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What are Schedule a Deductions?

Deanna Baranyi
By
Updated May 16, 2024
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Schedule A, part of the Individual Tax Return Form or Form 1040, is a way for taxpayers to itemize deductions for the United States Internal Revenue Service (IRS). It is the easiest way to reduce the amount of taxes that are owed to the United States government, without taking a direct cut in pay. Schedule A works by allowing a taxpayer to subtract amounts spent on certain things, such as medical and dental care, charitable gifts, other taxes, and miscellaneous expenses, from his income; thereby, lowering the amount that may be paid to the government. The items and amounts that can be deducted by a taxpayer vary from year to year, according to the Internal Revenue Code.

The best way to receive Schedule A deductions is to keep records of various categories of expenses. Then, meet a certain income level, and finally file Schedule A deductions with the IRS according to the calculations specified on the Schedule A form itself. It may take a bit longer to fill out the tax forms when filing Schedule A deductions, especially since the long 1040 tax return form must be used; however, it could save a taxpayer money.

To determine whether a taxpayer qualifies for Schedule A deductions, he should go through the form line by line. Certain medical and dental expenses can be deducted, if they have not been reimbursed or paid by another person or party. These medical expenses include insurance premiums, prescription medicines, doctors and a wide range of other medical professionals, examination costs, tests, medical aids, some weight loss programs, and some programs to quit smoking – to name just a few.

The next two sections on Schedule A cover taxes and interest paid by the taxpayer. Some state and local taxes, including real estate taxes, can be part of the Schedule A deductions. However, most federal taxes cannot be deducted. Home mortgage interest can be deducted for an entire year at a time.

Charitable gifts are Schedule A deductions, as well. Charities that are religious, educational, literary, scientific in nature can receive deductible contributions. Contributions can be in the form of property, cash, or out-of-pocket expenses that occur while volunteering at a charity. Even driving to and from a charity and any tolls incurred can become a Schedule A deduction – as long as the expenses were not repaid.

All or part of a loss due to fire, storm, theft, vandalism, car accidents and boat accidents can be deducted under Schedule A, as well. Also, if money was lost due to an insolvent bank, it too can be deducted. As always, exceptions apply; so, it is always a good idea to check with a tax professional or tax attorney to verify whether an expense is indeed deductible.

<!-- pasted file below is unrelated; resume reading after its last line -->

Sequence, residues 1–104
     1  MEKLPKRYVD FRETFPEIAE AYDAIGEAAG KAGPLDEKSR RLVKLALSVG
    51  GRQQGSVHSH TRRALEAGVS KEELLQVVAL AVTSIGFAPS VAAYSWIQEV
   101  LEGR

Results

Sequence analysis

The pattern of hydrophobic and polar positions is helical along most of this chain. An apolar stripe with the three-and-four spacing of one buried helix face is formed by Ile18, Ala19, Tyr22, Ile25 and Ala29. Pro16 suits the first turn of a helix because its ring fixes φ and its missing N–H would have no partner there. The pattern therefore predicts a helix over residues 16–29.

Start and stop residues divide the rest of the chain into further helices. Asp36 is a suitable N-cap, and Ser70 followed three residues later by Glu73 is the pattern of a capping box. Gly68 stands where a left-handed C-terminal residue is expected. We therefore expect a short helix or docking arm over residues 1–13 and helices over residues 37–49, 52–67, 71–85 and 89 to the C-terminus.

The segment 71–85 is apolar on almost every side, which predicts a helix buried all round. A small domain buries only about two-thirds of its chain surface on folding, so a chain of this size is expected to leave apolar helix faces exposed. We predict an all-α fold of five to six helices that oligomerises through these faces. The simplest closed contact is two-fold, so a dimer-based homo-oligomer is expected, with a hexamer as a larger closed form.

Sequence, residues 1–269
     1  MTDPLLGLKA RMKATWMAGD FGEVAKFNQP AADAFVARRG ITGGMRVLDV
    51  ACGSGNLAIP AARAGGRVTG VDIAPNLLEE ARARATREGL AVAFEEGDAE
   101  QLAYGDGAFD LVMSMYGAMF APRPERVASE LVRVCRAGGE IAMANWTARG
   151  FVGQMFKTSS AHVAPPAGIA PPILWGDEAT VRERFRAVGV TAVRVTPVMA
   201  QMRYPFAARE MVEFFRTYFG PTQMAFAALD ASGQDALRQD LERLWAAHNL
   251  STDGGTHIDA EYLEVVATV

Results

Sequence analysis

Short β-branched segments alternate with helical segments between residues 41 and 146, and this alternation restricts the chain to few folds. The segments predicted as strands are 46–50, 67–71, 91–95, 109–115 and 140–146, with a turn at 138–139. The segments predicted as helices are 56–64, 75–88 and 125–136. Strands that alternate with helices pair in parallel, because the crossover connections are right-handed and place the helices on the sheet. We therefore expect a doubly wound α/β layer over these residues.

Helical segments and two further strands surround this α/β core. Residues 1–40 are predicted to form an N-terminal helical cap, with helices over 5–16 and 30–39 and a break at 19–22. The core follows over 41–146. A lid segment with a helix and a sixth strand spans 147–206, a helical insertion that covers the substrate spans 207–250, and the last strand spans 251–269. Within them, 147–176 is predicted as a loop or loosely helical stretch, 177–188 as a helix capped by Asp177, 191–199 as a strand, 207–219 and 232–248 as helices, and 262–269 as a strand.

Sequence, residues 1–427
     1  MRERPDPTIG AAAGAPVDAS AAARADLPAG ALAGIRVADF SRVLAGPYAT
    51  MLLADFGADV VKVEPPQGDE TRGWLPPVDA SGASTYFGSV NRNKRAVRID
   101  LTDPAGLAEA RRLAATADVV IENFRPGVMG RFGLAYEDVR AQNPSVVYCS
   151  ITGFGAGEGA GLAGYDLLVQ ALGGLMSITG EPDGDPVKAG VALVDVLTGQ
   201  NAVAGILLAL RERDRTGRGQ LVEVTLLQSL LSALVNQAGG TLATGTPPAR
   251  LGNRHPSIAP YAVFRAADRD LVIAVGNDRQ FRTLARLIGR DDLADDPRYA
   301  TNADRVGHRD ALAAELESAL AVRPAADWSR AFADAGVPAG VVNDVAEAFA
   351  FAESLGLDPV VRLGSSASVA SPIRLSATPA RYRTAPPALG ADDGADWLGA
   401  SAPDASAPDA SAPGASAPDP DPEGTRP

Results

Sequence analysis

Other miscellaneous deductions include educational expenses, such as the cost of books, tuition, lab fees, correspondence courses, and driving to and from certain educational activities. Check the IRS Code to find out the specifics. In some cases, alimony paid to a former spouse may be deducted, as well.

It may be overwhelming to figure out exactly whether an expense is deductible; however, with the proper advice from a seasoned accountant, attorney or tax specialist, most questions can be answered easily. If in doubt, err on the side of caution. Schedule A deductions are designed to help taxpayers pay less money to the government; but, no one wants to face a tax audit over a questionable deduction.

SmartCapitalMind is dedicated to providing accurate and trustworthy information. We carefully select reputable sources and employ a rigorous fact-checking process to maintain the highest standards. To learn more about our commitment to accuracy, read our editorial process.
Deanna Baranyi
By Deanna Baranyi
Deanna Baranyi, a freelance writer and editor with a passion for the written word, brings a diverse skill set to her work. With degrees in relevant fields and a keen ability to understand and connect with target audiences, she crafts compelling copy, articles, and content that inform and engage readers.
Discussion Comments
By hamje32 — On May 09, 2011

@miriam98 - I do the same. I recommend that you plan in advance if you anticipate using the 1040 Schedule A. I usually begin getting ready for next year’s tax return at around May of the current year, right after I’ve finished filing my taxes for the past year. I begin gathering records such as medical bills, etc. so that I can have them handy for next year without too much hassle—and more importantly, be ready in case of an audit.

I don’t worry about charitable contributions because I get a statement at the end of the year with my total contributions. Prepare in advance, and you can get every deduction you deserve.

By miriam98 — On May 08, 2011

I almost always use 1040 Schedule A itemized deductions. I will deduct things like charitable contributions, medical expenses and my mortgage interest for the entire year.

The combination of all of these items puts me over the threshold for the standard deduction, and so my tax software uses my itemized deductions to figure my tax.

Deanna Baranyi
Deanna Baranyi
Deanna Baranyi, a freelance writer and editor with a passion for the written word, brings a diverse skill set to her...
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